If you’ve already taken the step towards discussing your finances with your children, then you’re much ahead than the other parents. According to a survey done by ING Direct, one out of three parents are more prepared to talk to their children about matters such as alcohol, drugs or even sex, than talk to them about money matters.
The reason for this simple – parents don’t receive formal training on how to go about teaching their kids about money. Which is similar to most people not getting any real education in managing their own finances. Due to this, most parents approach the topic via the “trial and error” route and feel confused midway.
For example, if you use a discount coupon such as the Cost Plus World Market coupon when shopping for furniture with your kids, would you care to pause for a moment and explain to your child how you’re saving money by doing so? Most parents won’t, and due to simple things like these, they end up making mistakes when teaching their children about money. Let’s discuss a few such mistakes in the following article…
Mistake #1: Saying Too Little
Avoid keeping your children out of the loop during family conversations that revolve around money. By the time your child reaches the age of 12, he or she is old enough to understand and weigh in some of the financial decisions and will like feeling responsible. For example, when you’re planning a family vacation include him by showing how you can go for a particular hotel that serves free breakfast and hence helps you save money.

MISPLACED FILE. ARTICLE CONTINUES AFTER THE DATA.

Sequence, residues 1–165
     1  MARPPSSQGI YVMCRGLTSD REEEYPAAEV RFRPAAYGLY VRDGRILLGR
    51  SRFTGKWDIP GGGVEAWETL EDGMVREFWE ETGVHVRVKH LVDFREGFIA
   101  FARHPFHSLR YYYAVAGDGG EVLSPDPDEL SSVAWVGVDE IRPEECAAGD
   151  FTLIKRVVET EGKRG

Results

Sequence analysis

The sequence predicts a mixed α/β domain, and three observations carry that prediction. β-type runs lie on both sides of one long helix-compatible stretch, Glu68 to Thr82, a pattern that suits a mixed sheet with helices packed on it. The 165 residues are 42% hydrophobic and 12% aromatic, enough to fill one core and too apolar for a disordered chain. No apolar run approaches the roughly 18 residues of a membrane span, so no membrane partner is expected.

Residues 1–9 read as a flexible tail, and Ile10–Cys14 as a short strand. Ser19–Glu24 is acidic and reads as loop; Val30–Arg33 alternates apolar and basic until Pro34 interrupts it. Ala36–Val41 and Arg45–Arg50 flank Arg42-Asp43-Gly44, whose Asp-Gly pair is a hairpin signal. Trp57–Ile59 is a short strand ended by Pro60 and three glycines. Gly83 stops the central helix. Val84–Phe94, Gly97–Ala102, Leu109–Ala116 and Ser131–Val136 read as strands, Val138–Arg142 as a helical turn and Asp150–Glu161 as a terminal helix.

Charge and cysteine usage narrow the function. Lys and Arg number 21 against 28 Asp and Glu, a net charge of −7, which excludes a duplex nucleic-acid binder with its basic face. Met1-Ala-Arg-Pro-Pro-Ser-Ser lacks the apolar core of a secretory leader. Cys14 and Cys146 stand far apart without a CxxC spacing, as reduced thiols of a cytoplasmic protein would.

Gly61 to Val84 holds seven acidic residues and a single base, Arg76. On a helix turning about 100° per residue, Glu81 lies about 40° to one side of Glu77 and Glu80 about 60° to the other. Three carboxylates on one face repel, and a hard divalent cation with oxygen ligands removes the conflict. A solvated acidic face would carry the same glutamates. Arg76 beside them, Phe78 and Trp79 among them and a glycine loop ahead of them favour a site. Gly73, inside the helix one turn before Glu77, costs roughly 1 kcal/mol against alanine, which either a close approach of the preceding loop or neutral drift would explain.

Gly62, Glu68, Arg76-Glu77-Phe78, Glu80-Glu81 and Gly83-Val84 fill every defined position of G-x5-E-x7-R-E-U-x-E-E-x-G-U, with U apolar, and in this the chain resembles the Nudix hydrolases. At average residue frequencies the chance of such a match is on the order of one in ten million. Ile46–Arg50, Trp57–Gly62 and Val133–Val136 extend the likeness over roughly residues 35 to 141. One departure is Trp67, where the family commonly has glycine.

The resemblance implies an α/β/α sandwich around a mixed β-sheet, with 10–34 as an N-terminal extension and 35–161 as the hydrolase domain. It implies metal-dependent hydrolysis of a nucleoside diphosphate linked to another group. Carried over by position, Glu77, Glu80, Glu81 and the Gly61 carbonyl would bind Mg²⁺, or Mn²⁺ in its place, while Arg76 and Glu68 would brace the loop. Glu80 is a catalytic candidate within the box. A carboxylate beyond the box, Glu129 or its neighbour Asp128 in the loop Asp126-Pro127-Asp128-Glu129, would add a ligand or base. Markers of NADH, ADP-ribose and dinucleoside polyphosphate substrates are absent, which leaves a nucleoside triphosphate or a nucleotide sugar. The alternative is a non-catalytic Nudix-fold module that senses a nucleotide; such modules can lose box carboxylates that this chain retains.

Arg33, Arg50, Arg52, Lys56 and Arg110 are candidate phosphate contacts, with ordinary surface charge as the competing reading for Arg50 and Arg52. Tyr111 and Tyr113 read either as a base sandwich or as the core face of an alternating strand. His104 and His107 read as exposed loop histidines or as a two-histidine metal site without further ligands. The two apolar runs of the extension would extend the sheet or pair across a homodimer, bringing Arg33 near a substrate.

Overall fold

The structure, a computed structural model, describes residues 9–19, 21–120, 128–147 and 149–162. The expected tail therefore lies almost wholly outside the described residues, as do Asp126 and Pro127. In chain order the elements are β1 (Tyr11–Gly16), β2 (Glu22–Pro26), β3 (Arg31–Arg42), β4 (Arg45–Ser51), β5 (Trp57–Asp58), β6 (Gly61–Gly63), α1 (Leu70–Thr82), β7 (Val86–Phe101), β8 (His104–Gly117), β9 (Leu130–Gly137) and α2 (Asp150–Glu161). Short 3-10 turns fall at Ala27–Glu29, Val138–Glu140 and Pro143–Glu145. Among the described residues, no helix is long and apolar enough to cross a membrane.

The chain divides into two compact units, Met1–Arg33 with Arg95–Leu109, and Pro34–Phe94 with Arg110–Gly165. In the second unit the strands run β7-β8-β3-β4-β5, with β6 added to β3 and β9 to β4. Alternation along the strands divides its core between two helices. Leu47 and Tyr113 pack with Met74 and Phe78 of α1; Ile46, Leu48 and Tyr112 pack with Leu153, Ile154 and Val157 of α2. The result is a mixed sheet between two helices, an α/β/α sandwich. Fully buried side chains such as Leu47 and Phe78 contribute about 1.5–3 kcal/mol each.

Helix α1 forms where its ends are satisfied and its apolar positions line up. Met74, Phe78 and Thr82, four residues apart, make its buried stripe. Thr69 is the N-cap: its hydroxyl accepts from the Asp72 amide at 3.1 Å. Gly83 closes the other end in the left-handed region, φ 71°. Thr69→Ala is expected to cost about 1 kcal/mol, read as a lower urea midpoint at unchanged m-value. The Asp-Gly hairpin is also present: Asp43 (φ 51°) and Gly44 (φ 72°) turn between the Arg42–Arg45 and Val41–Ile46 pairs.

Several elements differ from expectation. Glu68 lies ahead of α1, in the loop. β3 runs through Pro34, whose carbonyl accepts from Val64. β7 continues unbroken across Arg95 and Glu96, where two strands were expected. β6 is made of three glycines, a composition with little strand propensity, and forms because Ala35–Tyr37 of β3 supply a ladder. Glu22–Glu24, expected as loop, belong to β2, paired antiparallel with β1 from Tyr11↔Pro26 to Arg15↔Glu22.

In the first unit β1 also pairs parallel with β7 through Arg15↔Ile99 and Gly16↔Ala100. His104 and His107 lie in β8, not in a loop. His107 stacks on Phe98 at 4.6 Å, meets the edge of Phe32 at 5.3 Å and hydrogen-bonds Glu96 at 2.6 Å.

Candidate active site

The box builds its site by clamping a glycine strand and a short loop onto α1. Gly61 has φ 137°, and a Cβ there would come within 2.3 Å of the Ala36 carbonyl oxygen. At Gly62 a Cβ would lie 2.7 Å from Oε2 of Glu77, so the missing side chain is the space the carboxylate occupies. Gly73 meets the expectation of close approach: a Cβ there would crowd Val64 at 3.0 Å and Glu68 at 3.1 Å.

Mistake #2: Saying Too Much
Yes it is definitely important to open up with your children about money, but that doesn’t mean you go overboard. While it’s okay to tell your child how you’re saving money on the grocery bill, it’s not okay to tell him or her how costly your divorce was as it can make the child feel bad even if you didn’t intend to do so. So keep the sensitive family issues aside and keep your money education healthy and fun. Say what needs to be said and nothing more than that.
Mistake #3: Attaching Strings
Whenever you’re thinking of buying something for your child, either buy it or avoid buying it, but don’t make the mistake of attaching strings to the purchase. This simply means that if you have decided to buy your son an Xbox gaming console, reminding him over and over again that you’ve got it for him or making him feel guilty about it isn’t such a nice idea. Of course, there’s no doubt that you should be expecting him to thank you for it, but you shouldn’t give an impression that he owes you something in return of what you bought him.
Imagine yourself at an airport where you have options in everything – right from various ground transportation options to food options. Would you go for anything that comes your way? Or choose your options carefully? You’d of course go for the best deal in everything so that you have a smooth flight that’s on budget. Similarly, your children will come across a number of options in life in different areas where money is involved. They need to know how to deal with money so that they choose the right option and be smart about saving.